Intermittent obsessive-compulsive disorder symptoms and treatment

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Intermittent explosive disorder is a disorder in which bouts of uncontrollable anger and sudden aggression occur in response to an irritant and may be accompanied by verbal and physical aggression lasting less than 30 minutes, which can harm the person or others around them.

Prior to anger attacks, symptoms such as headaches, dizziness, nausea, and altered consciousness may occur and are often followed by remorse, guilt, and even shame. This disorder often accompanies other disorders such as substance abuse, depression, OCD, and social phobia.

Treatment for intermittent explosive disorder includes taking medications such as fluoxetine or sertraline, as well as sessions of cognitive behavioral psychotherapy for impulse control and anger issues.

Intermittent explosive disorder: symptoms and treatment

The main symptoms are

It is common to experience anger in a stressful situation, such as a car accident or an overly stressful job; this feeling is normal as long as there is awareness and control over it, without sudden shifts to rage, anger or aggressive behavior that can jeopardize one's own well-being and the safety of others.

However, when anger is disproportionate to the situation that provoked it, it can be a sign of a periodic explosive disorder, which is characterized:

  • Lack of control over aggressive impulse;
  • Breaking one's own or someone else's things;
  • Sweating, tingling sensation, and muscle tremors;
  • Increased heart rate;
  • Verbal threats or physical aggression toward another person without any reason to justify such an attitude;
  • Feelings of guilt and shame after an assault.

This syndrome is diagnosed by a psychiatrist based on personal history and accounts of friends and relatives, as this disorder is only confirmed when aggressive behavior is repeated over several months, suggesting that it is a chronic condition.

Other behavioral disorders such as antisocial personality disorder and borderline personality disorder must also be ruled out. Learn how borderline personality disorder is characterized by.

Causes of temper tantrums

The cause of periodic explosive disorder is not exactly known, but it is thought that factors such as family members with a history of impulsive aggressive behavior, altered neurotransmitters, and abnormalities in the brain area responsible for impulse control may be associated with this disorder.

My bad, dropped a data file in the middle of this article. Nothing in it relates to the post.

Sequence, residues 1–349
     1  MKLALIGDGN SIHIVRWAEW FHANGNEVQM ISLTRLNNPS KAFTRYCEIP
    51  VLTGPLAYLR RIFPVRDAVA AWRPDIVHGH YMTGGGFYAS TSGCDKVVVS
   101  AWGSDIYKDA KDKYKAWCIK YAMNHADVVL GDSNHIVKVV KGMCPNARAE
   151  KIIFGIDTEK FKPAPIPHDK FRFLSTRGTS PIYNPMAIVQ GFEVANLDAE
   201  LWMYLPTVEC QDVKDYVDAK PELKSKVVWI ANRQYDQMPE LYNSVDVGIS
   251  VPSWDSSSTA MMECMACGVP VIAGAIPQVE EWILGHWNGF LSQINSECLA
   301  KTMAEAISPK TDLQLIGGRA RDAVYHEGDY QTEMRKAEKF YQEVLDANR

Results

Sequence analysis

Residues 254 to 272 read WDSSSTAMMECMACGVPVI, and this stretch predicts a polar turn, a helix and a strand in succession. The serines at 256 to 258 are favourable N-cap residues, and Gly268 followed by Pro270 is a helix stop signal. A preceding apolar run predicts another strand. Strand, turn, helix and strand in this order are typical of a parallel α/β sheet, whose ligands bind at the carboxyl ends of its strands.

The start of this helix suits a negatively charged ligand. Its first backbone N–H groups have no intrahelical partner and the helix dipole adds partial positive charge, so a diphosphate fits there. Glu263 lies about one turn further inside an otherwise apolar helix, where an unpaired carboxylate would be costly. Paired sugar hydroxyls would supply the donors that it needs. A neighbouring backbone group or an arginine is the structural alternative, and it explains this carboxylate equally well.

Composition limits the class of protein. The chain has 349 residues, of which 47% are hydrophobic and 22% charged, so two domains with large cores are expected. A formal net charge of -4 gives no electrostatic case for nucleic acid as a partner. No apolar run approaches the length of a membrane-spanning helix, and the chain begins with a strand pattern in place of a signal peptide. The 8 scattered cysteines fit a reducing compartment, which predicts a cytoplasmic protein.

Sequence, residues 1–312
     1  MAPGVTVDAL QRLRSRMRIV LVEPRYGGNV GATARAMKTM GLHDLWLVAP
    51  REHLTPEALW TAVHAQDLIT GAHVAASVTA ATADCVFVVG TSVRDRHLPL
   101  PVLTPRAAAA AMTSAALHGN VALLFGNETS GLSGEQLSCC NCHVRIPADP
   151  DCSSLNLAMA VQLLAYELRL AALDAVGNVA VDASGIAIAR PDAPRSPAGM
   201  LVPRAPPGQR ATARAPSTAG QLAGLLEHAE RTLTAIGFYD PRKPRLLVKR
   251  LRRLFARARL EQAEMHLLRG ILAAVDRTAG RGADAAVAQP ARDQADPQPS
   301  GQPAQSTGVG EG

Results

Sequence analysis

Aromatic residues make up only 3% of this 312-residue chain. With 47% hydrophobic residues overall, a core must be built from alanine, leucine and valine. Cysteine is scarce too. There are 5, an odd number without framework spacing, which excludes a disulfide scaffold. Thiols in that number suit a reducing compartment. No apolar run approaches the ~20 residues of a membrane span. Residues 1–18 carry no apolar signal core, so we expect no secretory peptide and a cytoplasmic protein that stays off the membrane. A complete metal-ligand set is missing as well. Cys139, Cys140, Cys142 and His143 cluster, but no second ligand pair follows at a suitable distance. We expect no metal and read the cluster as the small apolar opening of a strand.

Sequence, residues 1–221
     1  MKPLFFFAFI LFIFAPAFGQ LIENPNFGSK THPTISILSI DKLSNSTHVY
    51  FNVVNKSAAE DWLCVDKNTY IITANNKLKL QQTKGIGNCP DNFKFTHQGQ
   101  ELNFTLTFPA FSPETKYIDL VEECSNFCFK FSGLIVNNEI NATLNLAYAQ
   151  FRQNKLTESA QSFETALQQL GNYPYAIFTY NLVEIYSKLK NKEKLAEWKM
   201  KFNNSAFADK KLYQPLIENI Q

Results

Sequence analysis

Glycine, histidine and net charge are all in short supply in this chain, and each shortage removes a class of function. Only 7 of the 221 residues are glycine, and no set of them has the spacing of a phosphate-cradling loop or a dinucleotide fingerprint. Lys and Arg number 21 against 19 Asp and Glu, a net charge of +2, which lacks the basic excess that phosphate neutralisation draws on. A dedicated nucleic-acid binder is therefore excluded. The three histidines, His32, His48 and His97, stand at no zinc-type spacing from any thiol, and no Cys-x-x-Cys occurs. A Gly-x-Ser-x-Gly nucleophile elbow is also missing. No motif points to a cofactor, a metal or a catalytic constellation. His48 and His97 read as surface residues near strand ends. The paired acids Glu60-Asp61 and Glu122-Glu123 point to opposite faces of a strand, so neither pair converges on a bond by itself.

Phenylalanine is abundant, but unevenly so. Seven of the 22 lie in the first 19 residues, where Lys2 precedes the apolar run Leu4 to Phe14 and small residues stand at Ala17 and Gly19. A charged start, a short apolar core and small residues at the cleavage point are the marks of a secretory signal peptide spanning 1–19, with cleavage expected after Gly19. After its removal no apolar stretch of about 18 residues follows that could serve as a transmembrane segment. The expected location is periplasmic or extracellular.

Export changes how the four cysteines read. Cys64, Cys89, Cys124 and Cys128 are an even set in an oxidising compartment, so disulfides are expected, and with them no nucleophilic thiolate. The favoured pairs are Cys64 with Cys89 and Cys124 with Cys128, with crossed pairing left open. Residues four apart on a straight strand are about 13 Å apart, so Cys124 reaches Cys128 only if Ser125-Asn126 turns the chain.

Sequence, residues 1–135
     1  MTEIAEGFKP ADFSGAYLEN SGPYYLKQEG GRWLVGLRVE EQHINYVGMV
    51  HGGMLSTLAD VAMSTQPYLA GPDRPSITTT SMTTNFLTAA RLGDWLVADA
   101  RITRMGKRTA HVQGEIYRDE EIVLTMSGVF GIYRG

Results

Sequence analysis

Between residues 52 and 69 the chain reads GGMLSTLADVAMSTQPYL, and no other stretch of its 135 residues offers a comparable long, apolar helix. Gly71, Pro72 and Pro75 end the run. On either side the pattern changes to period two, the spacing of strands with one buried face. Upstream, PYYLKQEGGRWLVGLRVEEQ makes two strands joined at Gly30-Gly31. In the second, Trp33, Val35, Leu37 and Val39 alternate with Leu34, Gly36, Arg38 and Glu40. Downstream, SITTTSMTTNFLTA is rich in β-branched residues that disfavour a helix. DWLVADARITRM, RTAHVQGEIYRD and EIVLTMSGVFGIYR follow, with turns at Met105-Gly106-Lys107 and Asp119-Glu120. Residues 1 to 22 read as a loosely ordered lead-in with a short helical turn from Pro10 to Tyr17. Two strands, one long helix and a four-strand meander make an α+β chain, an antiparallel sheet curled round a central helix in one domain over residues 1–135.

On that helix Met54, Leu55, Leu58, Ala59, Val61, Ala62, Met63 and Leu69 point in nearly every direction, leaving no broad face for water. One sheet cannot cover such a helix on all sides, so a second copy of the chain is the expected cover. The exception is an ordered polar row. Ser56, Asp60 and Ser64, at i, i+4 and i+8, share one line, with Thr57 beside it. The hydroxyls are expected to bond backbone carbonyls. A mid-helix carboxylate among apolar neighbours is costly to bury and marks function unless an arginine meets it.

In addition, people with this disorder often have a history of physical abuse, childhood sexual abuse, and exposure to traumatic situations such as serious accidents or disasters.

How the treatment is conducted

If anger attacks are frequent and out of control, it is recommended to see a psychologist who will provide several sessions of individual and/or group psychotherapy, and cognitive behavioral therapy may also be applied to learn not only how to manage anger, but also how to identify situations that may provoke an aggressive response.

During therapy, the help of close family members is crucial in learning how to cope and control these episodes of aggressive behavior.

In addition to psychotherapy, this syndrome may require antidepressants and anticonvulsants such as fluoxetine, citalopram, sertraline, carbamazepine and valproate to help control emotions, thereby reducing aggression.

Possible consequences

Consequences of intermittent explosive disorder resulting from reckless actions during anger attacks, such as job loss, suspension or expulsion from school, divorce, problems with alcohol or other substances, difficulties in relationships with others, car accidents, and hospitalization due to injuries sustained during the aggression.

Aggression occurs even when intoxicated, but is usually stronger under the influence of alcohol, even in small amounts.

Anger attacks can also lead to coronary heart disease, diabetes, hypertension, stroke, and can even cause suicide.